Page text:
So far as earthlings were concerned, the planet Pluto celebrated its "first birthday"' last week. A year ago the astronomers at the Lowell Observatory, Flagstaff, Ariz., spotted Pluto where the late Percival Lowell had calculated it should be (TIME, March 24).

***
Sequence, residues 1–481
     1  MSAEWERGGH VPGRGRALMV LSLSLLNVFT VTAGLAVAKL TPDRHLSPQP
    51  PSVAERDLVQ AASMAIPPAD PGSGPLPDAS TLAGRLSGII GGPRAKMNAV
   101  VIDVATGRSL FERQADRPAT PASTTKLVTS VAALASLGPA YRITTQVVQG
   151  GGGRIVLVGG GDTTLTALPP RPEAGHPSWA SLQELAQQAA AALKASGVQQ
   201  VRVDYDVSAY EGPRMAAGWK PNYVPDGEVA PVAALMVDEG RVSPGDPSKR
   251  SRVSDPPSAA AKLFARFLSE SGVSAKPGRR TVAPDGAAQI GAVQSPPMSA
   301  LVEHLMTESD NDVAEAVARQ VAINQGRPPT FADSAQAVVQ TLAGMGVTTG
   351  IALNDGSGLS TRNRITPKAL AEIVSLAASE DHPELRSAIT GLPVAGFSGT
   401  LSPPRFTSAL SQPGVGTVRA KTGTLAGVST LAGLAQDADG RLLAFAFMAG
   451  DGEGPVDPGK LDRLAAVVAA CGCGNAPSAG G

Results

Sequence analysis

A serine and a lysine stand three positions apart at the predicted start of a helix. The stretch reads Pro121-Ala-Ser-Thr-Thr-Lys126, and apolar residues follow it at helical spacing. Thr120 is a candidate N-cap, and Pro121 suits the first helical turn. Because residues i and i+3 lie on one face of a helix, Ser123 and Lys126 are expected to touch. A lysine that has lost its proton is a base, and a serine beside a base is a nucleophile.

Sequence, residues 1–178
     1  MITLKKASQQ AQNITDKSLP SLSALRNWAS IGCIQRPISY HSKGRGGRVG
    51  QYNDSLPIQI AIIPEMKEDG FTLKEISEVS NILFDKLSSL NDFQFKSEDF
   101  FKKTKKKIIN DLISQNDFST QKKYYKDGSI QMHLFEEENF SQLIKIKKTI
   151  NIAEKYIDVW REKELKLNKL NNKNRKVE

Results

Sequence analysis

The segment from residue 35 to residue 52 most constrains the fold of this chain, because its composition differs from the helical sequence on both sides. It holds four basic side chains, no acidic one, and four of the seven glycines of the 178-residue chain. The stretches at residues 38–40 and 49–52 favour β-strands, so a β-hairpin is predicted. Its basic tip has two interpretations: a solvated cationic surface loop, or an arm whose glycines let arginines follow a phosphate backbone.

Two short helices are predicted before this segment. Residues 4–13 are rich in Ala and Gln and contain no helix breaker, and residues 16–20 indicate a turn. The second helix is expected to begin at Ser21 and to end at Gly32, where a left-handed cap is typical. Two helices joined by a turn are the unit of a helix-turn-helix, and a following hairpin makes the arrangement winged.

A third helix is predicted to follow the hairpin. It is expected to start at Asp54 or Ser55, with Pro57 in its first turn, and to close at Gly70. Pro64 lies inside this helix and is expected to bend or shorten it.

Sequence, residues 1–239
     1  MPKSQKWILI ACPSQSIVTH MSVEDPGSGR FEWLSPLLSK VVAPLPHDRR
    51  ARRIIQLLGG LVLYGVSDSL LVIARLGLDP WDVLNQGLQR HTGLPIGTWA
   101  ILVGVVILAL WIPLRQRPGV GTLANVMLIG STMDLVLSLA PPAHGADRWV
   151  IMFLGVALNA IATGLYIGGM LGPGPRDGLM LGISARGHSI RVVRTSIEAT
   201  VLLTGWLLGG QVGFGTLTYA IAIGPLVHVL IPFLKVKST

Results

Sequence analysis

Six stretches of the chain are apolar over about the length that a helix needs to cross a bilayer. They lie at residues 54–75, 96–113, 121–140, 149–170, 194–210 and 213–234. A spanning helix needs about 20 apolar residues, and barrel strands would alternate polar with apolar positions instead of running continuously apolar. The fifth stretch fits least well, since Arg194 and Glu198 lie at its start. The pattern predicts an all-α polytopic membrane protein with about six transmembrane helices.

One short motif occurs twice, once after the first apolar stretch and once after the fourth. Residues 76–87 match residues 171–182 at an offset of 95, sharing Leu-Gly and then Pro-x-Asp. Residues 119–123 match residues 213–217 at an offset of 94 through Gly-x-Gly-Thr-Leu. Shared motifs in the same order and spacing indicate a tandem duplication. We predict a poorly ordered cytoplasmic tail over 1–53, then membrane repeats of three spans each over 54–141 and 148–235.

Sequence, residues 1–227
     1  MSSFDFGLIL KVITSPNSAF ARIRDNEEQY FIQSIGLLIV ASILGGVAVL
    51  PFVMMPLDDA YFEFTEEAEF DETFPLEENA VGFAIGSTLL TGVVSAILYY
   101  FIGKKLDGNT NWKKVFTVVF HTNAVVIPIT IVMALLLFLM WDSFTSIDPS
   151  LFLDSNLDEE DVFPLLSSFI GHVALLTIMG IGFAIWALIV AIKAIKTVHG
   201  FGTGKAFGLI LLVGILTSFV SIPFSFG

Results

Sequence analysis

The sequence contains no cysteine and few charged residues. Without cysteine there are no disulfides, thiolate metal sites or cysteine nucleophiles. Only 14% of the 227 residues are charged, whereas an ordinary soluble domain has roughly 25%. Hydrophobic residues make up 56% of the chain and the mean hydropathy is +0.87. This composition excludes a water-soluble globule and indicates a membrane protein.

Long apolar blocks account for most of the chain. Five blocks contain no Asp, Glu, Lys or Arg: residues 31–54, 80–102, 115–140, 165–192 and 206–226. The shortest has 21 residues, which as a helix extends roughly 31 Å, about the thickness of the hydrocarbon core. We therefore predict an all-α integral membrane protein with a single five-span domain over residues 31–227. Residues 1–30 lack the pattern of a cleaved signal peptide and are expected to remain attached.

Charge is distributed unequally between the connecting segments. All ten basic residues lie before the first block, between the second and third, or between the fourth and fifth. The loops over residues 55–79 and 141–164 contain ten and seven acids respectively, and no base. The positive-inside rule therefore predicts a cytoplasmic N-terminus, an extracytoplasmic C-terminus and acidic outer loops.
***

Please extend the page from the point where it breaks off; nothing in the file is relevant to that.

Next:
Pluto's birthday was baptismal day for one of his tiny solar congeners. Professor Lacchini of the Pino Torinese Observatory at Turin had on Jan. 19 detected a strange little glow between the orbits of Mars and Jupiter where twirl a thousand or so plan-etoids, fragments of what might have been a tenth planet. Professor Lacchini's glow is another recognized planetoid, a chunk of rock about 15 miles in diameter. Like the nine mammoth planets it wanly reflects the Sun's light to watchful earthlings. Provisionally it bears a nursery name, Ba—"a" for being the first planetoid discovered during "B," the second fortnight of January.